Burst Pipes

Well, it never rains but it pours!

Ready to embark on the next round of interior decor, I went off on a mission to the local B&Q for a few bits’n’bobs, this morning. Starting Herman up on the way back I was decidedly ‘undelighted’ to hear his usual tractory rattle replaced by the sound of a million chav-mobiles with fat exhausts. In other words the distinctive racket that tells you your exhaust has either fallen off, or snapped in the middle. When I finally got home and tumbled from the cab, with my ears ringing, I found that the rear section of the exhaust had snapped, right at the join where it connects to the centre pipe.

Loud pipes save lives?
Loud pipes save lives?

So, I had to take a couple of hours out from my planned interior work to try and do a bit of a repair job on the exhaust.  Out with the welder, the lump hammer and a suitably dimensioned piece of steel, which I battered round an iron bar to form into an appropriately vaguely cylindrical shape and welded along its ‘seam’.  This piece of home made tube was then welded onto the stump of the exhaust bracket.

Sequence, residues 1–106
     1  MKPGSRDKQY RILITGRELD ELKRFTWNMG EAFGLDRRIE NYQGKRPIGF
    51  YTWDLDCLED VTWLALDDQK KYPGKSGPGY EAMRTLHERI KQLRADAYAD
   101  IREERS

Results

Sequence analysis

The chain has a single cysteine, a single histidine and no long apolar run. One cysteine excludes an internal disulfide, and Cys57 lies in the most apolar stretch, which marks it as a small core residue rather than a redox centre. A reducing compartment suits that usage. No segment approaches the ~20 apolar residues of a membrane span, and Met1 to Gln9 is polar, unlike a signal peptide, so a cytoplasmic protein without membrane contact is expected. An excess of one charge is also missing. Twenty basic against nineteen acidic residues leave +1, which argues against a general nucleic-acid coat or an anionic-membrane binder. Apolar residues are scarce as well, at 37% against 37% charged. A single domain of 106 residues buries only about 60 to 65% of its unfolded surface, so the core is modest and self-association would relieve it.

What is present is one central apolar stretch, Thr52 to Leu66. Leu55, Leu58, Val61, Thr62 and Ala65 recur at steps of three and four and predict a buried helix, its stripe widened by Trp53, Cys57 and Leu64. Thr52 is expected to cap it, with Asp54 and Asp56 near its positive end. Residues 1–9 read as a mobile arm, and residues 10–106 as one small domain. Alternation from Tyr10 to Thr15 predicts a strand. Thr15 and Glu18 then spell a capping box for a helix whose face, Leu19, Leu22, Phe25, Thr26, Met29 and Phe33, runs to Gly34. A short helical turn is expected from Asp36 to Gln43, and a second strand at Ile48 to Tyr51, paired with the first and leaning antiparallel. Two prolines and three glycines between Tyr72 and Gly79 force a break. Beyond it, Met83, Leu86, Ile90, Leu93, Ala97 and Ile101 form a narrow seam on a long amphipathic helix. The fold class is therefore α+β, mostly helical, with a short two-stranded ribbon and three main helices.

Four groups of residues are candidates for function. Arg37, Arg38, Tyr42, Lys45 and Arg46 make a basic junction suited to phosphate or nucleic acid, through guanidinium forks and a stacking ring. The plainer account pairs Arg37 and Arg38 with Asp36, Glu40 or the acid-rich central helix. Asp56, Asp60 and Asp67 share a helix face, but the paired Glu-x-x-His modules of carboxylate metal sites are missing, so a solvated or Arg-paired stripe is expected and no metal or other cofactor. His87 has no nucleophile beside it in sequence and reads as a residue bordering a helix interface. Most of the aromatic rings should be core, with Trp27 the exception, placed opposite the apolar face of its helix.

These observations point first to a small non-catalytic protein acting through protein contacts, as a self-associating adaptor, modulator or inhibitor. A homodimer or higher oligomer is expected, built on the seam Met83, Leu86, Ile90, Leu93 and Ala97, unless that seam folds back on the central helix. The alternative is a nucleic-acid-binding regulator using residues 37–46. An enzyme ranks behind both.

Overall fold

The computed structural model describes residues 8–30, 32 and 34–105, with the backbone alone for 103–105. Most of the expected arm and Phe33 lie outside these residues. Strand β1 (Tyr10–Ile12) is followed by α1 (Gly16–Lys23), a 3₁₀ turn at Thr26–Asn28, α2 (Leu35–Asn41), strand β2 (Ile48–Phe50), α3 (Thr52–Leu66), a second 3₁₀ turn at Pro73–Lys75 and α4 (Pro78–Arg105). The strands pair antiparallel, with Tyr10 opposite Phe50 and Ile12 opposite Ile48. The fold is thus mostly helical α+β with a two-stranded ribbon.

Don't laugh. I am officially the worst welder in the known universe!
Don't laugh. I am officially the worst welder in the known universe!

After I’d finished welding up my new Botch-o-Matic© bracket and dodged through the crowds of people, jeering and laughing at my piss-poor welding, I made it back to Herman and, with the addition of liberal amounts of exhaust repair paste, to seal any gaps and the application of a lump hammer to persuade my contrivance onto the snapped off end of the remaining tailpipe section, I was able to get Herman’s exhaust pipe back together again and return to the welcome sounds of Tractor FM.

Job's a good 'un [albeit an ugly 'un too]
Job's a good 'un [albeit an ugly 'un too]